Celebrate World Mental Health Day: Selena Gomez & More Stars Who’ve Dealt With Mental Health Struggles

No matter how perfect they seem, stars have mental health hurdles just like the rest of us. Learn about how Selena Gomez and more brave stars here.

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No one is immune to mental health struggles, even celebs. And while some have hidden their pain, other stars have bravely confronted their past issues with anxiety, depression, self-love, body acceptance, and other personal struggles that were once too taboo to address. While healing can be tough, it’s amazing to think about how many people these celebs have helped by sharing their own mental health journeys.

Selena Gomez has been amazingly candid about living with bipolar disorder. She tackled the topic head-on in her documentary Selena Gomez: My Mind & Me, which is set for release on Nov. 4 via Apple TV+. “How do I learn how to breathe my own breath again? asks during the clip from the film, which not only details her mental health history but also her fight against the autoimmune disorder.

Stars like Adele and Justin Bieber have also been candid about how they’ve navigated their way through tough times. Learn more about the celebs who’ve opened up about their experiences with mental health, below.

Trigger Warning: This post highlights public figures who have openly discussed their struggles with anxiety, depression, and suicidal ideation.

Selena Gomez

Selena Gomez
Selena Gomez has done amazing things for the bipolar community by simply coming out with her diagnosis. She first revealed she was bipolar in Apr. 2020. (Matt Baron/BEI/Shutterstock)

Selena first opened up about life with bipolar disorder in Apr. 2020 while in conversation with Miley Cyrus. She talked about what a relief getting diagnosed was, saying, “When I know more information it actually helps me; it doesn’t scare me once I know it. And I think people get scared of that.. I’m from Texas, where it’s not known to talk about your mental health. You’ve got to seem cool.”

She reflected on how much she’s grown in the past years during an Apr. 2022 interview with Good Morning America. “[I’m] probably the happiest I’ve ever been,” she said, adding “I can’t believe I am where I am mentally, just because of how I took the necessary steps in order to kind of remove myself from that because it’s just not normal. I really want people to be understood and seen and heard. It’s okay to not be okay.”

Selena now works with her own multimedia mental wellness company Wondermind, which bills itself as the “World’s First Mental Fitness Ecosystem.” The business, which was co-founded by entrepreneur Daniella Pierson and Selena’s mother Mandy Teefey, connects anyone to free resources to help them work on their “mental fitness.”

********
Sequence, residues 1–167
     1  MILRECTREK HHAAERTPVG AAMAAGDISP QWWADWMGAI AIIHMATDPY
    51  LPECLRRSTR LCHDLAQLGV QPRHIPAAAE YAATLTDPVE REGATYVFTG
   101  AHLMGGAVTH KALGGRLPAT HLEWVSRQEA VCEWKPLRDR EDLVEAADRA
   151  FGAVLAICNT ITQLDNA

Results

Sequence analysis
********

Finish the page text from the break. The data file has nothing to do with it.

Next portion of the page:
Chrissy Teigen

Chrissy Teigen
Chrissy Teigen has long been an advocate for those dealing with post-partum depression. She detailed her own struggles in a 2017 essay, and would explore the subject again after the loss of son Jack at 20 weeks in-utero. (Stephen Lovekin/Shutterstock)

Chrissy Teigen shared her experience with post-partum depression in a poignant 2017 essay with Glamour. In it, she reminded women the world-over they’re not alone in their struggles.

“I also just didn’t think it could happen to me,” she wrote. “I have a great life. I have all the help I could need: John [Legend], my mother (who lives with us), a nanny. But postpartum does not discriminate. I couldn’t control it. And that’s part of the reason it took me so long to speak up: I felt selfish, icky, and weird saying aloud that I’m struggling. Sometimes I still do.”

She would revisit the feeling once more in Oct. 2020 after losing son Jack at 20 weeks in-utero. Two years later, Chrissy revealed she actually underwent an abortion after learning her son could not survive outside of the womb.

Acknowledging the realities of reproductive health and mental illness during a Sep. 2022 TV summit. She told attendees, “I told the world we had a miscarriage, the world agreed we had a miscarriage, all the headlines said it was a miscarriage. And I became really frustrated that I didn’t, in the first place, say what it was, and I felt silly that it had taken me over a year to actually understand that we had had an abortion.”

Demi Lovato

Demi Lovato
Demi Lovato has been public about her bipolar disorder since 2015. (Steve Sands/NewYorkNewswire/Bauer-Griffin/Shutterstock)

Demi came to a real understanding of herself after learning she was bipolar back in 2011, following struggles with eating disorders and substance abuse. “I went through several years of pain and suffering, and I want to be able to help people and help try to prevent that suffering from happening,” she told People in 2015.

The singer/actress stressed how “important” it is “that people no longer look at mental illness as something taboo to talk about.” “It’s something that’s extremely common, one in five adults has a mental illness, so basically everyone is essentially connected to this problem and this epidemic,” Demi added. “The problem with mental illness is people don’t look at it as a physical illness. When you think about it, the brain is actually the most complex organ in your body. We need to treat it like a physical illness and take it seriously.”

Demi also works to spread awareness about mental health and addiction as the celebrity spokesperson for Be Vocal: Speak Up for Mental Health campaign.

Lady Gaga

Lady Gaga
Lady Gaga shared her experience as a sexual assault survivor and someone who copes with PTSD. She advocates for others through her Born This Way Foundation. (Jim Ruymen/UPI/Shutterstock)

Lady Gaga revealed she lives with post-traumatic stress disorder (PTSD) in a 2016 segment on the Today show. She also shared her experience as a sexual assault survivor after being raped at 19. “My own trauma in my life has helped me to understand the trauma of others,” the Star Is Born talent explained.

Around the same time, the songstress talked about her issues with The Mirror, admitting, “When my career took off, I don’t remember anything at all. It’s like I’m traumatized. I needed time to recalibrate my soul. I definitely look after my well-being…I openly admit to having battled depression and anxiety and I think a lot of people do. I think it’s better when we all say: ‘Cheers!’ and ‘fess up to it.'”

Lady Gaga created the Born This Way Foundation in 2011 alongside mom Cynthia Germanotta. The non-profit is “committed to supporting the wellness of young people and working with them to make the world kinder and braver” via mental health advocacy and advocating for LGBTQ rights.